Tuesday, March 13, 2018

Look up

Numbers 21: 4-9
New Ark United Church of Christ, Newark, DE
March 11, 2018

         This chant, “Hospodi Pomilui”, written by Russian composer Lvovsky in the 19th c., is sung in Russian Orthodox churches in worship on the Eve of Holy Rood or Holy Cross. It means “Lord, have mercy” and the words are sung seventy-five times, reminiscent of the scripture when Jesus tells his disciples that they must forgive not seven times but seventy-seven times or seven times seventy. In the service the bishop stands in the center of the church, holding the cross above his head. As he lowers the cross, the choir sings in decreasing volume, to the point of pianississimo—as the cross touches the floor. Then the cross is raised again and the choir rises in a crescendo of triumph.

         Although the eyes of the worshippers are drawn downward as the cross is lowered, ultimately we are compelled to gaze upward. The psalmist asks, I lift my eyes to the hills—from where will my help come? We know that God, that power and mystery, does not reside only above us but around us and beneath us and within us. We do not look up as in location but in attitude adjustment.

Asclepius with serpent-entwined staff
The Israelites are in dire need of an attitude adjustment. Not only does the food stink, but there’s not enough of it. Not only is God’s idea of rescue a long, hard walk but God has rescued them only to kill them in the desert. In another passage in Exodus, the Israelites complain to Moses, “Why didn’t God let us die in comfort in Egypt where we had lamb stew and all the bread we could eat? You’ve brought us out into this wilderness to starve us to death, the whole company of Israel!” Basically they’re saying that slavery with comfort food is better compared to this tortuous freedom where they have to depend on God and each other.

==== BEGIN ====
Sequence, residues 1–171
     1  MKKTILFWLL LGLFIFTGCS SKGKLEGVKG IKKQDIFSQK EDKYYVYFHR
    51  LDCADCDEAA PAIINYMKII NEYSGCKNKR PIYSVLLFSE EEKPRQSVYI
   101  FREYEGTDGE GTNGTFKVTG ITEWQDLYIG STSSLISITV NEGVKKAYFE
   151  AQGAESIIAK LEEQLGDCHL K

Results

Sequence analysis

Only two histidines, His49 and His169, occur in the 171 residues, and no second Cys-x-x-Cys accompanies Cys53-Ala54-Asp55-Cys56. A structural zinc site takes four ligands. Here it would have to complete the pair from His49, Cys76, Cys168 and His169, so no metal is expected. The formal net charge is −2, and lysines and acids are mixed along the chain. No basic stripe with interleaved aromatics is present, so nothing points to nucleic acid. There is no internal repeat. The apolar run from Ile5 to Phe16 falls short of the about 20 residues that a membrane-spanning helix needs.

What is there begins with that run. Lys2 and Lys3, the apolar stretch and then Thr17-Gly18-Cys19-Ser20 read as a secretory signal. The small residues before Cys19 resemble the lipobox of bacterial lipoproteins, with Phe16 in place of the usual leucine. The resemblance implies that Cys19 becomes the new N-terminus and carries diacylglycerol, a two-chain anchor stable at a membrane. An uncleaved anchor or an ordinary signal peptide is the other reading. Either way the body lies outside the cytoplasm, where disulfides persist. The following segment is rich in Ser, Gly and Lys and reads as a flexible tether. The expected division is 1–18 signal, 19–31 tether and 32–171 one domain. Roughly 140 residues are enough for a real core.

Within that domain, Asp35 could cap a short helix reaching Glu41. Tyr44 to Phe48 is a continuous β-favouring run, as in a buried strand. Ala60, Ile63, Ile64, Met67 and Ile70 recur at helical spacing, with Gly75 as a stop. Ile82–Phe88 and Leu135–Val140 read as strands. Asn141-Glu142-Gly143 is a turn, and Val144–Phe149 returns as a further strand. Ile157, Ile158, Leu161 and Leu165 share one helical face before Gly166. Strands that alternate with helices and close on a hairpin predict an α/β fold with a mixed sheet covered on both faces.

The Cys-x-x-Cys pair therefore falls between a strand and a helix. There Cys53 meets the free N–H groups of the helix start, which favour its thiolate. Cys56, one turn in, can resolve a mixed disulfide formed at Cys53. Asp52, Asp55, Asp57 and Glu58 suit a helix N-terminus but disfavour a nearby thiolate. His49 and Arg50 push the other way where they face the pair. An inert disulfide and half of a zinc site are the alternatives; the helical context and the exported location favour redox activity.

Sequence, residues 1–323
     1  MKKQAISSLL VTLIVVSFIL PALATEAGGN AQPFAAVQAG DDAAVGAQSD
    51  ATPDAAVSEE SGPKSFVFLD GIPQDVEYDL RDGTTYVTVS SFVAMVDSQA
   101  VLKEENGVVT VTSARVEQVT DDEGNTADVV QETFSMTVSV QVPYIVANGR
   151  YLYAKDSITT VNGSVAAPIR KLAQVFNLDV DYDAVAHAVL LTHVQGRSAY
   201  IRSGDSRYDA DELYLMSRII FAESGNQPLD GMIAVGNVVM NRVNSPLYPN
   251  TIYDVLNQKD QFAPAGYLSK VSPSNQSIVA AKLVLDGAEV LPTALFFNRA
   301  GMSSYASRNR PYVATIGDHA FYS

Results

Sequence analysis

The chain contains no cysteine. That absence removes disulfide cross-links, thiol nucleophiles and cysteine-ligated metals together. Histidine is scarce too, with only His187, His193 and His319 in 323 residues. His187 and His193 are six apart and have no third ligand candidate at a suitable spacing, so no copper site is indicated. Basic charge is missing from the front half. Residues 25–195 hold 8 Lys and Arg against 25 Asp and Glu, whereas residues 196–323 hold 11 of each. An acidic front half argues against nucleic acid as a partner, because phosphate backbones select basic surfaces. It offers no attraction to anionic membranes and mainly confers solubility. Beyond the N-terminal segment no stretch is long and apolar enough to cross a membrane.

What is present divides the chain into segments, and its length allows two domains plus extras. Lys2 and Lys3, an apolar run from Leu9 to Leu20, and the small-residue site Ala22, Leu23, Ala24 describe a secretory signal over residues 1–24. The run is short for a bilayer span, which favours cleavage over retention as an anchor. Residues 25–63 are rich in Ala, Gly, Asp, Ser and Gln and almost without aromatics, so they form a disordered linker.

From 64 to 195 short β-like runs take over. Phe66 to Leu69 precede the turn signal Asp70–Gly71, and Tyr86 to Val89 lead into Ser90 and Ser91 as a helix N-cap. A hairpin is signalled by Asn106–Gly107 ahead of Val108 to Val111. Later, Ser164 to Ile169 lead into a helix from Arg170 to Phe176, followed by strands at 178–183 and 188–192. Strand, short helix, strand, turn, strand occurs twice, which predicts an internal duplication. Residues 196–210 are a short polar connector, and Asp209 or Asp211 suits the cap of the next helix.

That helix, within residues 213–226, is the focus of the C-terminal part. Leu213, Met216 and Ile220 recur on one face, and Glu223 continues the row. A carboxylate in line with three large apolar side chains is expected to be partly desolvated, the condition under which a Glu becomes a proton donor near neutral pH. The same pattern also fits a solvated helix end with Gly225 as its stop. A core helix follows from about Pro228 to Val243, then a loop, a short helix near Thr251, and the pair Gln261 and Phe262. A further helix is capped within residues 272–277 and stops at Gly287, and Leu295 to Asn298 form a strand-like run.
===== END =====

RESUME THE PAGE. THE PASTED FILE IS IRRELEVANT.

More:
And then we read that God sends poisonous snakes among the people; the snakes bite them, and some die. God doesn’t send the snakes as punishment for all their complaining; the people come to that conclusion themselves. “Where did all these snakes come from? God must have sent them to punish us.” By coming to that conclusion we can see they do know they need to trust God, but they aren’t doing a very good job of it. They own up to the simplest of parent/child relations: bad behavior has its own consequences. Their complaints bite back.

         God sends snakes to bite people just because they complain about the food? Sounds a bit ludicrous to me. Sometimes my kids used to grouse about what I cooked for dinner but snake bites? Jesus said “Is there anyone among you who, if your child asks for bread, will give a stone? Or if the child asks for a fish, will give a snake? If you then, who are evil, know how to give good gifts to your children, how much more will your Maker in heaven give good things to those who ask him!” (Matthew 7: 9-11) God gives good things, not snakes, right?